In a presentation and materials for the RTA Board meeting on March 18, staff responded to public comments on that draft report and methodology for allocating federal COVID relief dollars. The RTA Board then voted to allocate CRRSAA funds and approve a budget amendment to allow the Service Boards to access these funds.
See a staff memo describing these allocations and the Sustaining Critical Transit in 2021 report, with an appendix of public comments received from February 18 to March 5, 2021. The report defines transit Critical Need Areas (CNAs) and relates them to existing service to inform the RTA’s funding decisions in 2021. Also, see an interactive RTA Story Map that offers insights into how CNAs were identified.
Based on that analysis, on March 18, 2021, the RTA Board approved CRRSAA allocations as follows. Note that PTF is the state Public Transportation Fund, and RETT is the Real Estate Transfer Tax.
Step 1: Adopt a 2021 budget (October-December 2020)
Passed in March 2020, the federal Coronavirus Aid, Relief, and Economic Security (CARES) Act allocated $25 billion for public transit nationwide, including more than $1.4 billion to the RTA region for reimbursement of operating costs to maintain service and lost revenue due to coronavirus. At that time the CARES Act funding was the only known source of supplemental operating funds for transit in the face of COVID's potential long-term effects on ridership and revenue. As a result, the region’s transit funding allocations were based on anticipated revenue shortages of the projected 2020 regional budget that had been agreed to by the RTA and the Service Boards based on ridership and public funding shortfalls. The region’s CARES Act funds were allocated as follows:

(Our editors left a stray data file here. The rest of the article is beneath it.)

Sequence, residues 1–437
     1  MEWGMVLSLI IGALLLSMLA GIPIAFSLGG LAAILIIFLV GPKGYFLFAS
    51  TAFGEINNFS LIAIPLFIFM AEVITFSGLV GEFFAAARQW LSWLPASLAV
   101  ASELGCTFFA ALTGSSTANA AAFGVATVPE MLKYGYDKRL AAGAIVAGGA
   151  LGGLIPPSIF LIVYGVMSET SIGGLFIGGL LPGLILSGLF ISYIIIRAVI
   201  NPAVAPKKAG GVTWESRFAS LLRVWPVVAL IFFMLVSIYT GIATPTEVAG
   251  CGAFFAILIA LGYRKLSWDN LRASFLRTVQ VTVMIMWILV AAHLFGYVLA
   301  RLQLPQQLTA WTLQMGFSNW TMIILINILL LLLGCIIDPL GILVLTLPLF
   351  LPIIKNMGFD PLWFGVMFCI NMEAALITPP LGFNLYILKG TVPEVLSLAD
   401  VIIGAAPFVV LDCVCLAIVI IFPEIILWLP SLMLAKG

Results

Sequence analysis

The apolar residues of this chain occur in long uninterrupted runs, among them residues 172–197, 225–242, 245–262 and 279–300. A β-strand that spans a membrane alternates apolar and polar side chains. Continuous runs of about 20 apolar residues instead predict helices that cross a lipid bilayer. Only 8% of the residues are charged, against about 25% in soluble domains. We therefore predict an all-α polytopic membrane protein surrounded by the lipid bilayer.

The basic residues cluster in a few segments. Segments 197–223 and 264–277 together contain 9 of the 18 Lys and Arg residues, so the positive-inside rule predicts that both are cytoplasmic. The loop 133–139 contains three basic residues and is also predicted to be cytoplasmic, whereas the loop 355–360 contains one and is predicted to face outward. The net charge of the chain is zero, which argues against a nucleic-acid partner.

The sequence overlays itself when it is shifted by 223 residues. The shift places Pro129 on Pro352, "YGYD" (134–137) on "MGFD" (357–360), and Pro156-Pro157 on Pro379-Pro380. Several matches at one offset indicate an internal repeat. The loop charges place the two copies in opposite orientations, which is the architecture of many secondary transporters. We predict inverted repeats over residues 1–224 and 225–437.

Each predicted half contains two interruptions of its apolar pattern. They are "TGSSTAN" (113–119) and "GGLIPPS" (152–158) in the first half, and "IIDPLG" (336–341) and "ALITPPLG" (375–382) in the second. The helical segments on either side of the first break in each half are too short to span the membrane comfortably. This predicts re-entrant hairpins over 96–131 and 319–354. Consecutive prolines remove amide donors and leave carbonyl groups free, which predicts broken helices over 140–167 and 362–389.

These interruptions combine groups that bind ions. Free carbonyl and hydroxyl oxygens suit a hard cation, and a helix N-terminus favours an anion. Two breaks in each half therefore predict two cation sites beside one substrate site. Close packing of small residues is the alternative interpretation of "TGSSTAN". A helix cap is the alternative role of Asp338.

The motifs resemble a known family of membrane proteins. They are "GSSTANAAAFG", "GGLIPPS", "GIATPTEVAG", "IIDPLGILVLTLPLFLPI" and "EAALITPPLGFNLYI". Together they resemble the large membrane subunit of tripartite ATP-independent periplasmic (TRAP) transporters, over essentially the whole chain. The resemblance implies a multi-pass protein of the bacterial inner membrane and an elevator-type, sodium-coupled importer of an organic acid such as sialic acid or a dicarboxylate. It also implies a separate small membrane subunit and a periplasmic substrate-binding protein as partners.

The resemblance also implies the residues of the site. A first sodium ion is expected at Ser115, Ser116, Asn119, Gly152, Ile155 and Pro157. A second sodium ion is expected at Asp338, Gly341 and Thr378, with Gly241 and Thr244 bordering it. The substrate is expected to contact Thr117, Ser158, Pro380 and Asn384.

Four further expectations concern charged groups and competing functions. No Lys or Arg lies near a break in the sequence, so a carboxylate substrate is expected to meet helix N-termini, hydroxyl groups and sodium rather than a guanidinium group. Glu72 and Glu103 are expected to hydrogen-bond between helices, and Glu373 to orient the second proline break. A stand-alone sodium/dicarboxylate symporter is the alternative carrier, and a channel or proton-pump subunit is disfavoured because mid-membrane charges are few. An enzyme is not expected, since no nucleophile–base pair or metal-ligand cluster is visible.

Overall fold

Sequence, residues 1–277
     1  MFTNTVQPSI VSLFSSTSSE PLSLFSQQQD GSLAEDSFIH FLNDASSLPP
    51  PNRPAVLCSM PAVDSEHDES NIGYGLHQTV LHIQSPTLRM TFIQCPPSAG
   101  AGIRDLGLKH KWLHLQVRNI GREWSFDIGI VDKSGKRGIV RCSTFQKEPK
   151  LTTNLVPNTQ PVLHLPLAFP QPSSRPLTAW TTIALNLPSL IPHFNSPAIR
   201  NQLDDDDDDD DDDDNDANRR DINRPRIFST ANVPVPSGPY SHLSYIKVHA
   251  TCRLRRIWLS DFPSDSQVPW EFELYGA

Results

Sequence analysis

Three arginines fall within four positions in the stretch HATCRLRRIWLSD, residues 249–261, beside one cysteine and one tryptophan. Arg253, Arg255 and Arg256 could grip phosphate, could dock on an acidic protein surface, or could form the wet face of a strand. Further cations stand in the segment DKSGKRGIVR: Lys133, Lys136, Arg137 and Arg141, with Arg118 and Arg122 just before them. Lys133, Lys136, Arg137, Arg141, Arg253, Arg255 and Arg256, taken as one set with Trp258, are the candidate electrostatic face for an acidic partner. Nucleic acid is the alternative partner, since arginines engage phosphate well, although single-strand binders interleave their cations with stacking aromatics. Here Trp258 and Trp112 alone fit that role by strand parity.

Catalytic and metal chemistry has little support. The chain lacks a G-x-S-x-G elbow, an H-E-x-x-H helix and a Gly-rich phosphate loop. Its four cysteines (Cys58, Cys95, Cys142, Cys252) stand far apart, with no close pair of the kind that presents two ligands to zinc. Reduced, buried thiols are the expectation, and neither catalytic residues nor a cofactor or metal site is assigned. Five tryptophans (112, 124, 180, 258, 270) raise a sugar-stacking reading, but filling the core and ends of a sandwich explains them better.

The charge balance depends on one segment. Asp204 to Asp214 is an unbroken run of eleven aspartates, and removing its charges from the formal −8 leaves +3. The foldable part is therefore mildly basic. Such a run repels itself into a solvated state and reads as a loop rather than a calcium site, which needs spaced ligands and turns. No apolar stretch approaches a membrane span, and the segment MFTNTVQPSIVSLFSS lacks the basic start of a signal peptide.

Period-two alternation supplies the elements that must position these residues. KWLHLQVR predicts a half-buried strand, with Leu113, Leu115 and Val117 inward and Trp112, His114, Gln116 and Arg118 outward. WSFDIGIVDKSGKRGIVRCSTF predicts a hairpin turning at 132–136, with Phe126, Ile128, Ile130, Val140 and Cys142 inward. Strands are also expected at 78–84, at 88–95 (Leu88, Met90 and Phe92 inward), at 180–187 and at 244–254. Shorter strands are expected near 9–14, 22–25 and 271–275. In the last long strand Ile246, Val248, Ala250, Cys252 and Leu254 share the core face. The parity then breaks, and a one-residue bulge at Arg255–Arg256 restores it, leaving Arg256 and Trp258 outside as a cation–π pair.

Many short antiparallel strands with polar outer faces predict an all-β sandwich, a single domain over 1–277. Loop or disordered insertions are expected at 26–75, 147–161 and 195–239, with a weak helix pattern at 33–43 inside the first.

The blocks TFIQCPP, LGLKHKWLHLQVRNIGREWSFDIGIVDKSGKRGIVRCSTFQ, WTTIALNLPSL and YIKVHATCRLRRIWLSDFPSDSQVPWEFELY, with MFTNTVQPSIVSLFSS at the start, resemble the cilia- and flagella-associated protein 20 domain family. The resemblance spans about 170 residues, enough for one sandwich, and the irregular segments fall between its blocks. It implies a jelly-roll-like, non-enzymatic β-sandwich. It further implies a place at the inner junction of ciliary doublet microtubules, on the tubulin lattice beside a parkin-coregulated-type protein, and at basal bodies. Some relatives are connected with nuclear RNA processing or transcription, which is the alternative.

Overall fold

In fall 2020, the RTA coordinated with the three Service Boards to conduct COVID recovery scenario planning (which would be the basis of further analysis in Step 2) and a PDF guide for returning safely to transit in the Chicago region.
Step 1 culminated on December 17, 2020, when the RTA Board adopted the 2021 regional transit operating budget and five-year capital program. As described in an RTA press release, 2021 operations would rely in part on passage of a second federal COVID relief package, without which the regional transit system would face a potential shortfall of more than $500 million.
RTA Service Changes
Starting early in the pandemic, all RTA customer service offices were closed. Updates on RTA-managed ridership programs can be found below.
Reduced Fare and Ride Free Programs
- For customers who have a Reduced Fare or Ride Free permit that has expired or will expire during the pandemic, the RTA will be extending a one-time courtesy of automatically renewing eligibility so these customers can continue access reduced fares without needing to take action to renew. A new permit will come in the mail prior to the expiration of the current permit.
- Customers who are applying for a Reduced Fare or Ride Free Permit for the first time can download a Reduced Fare and/or Ride Free application online.
- Call 312-913-3110 for assistance or other questions.
RTA Travel Training Program
- The RTA is temporarily canceling all scheduled Travel Training sessions. If you are interested in Travel Training when the program resumes, or have questions about the program, please call 312-663-HELP (4357) to be placed on the Travel Training waitlist.
ADA Paratransit Certification Program
- The RTA’s South and Northwest Chicago Mobility Assessment Centers are currently closed and will not be performing interviews and assessments for ADA Paratransit Certification until further notice.
- For all customers whose ADA paratransit certification has expired or will expire during the pandemic, the RTA is extending a one-time courtesy six-month extension of eligibility.
- Call 312-663-HELP (4357) to apply for ADA paratransit eligibility for the first time or for additional questions.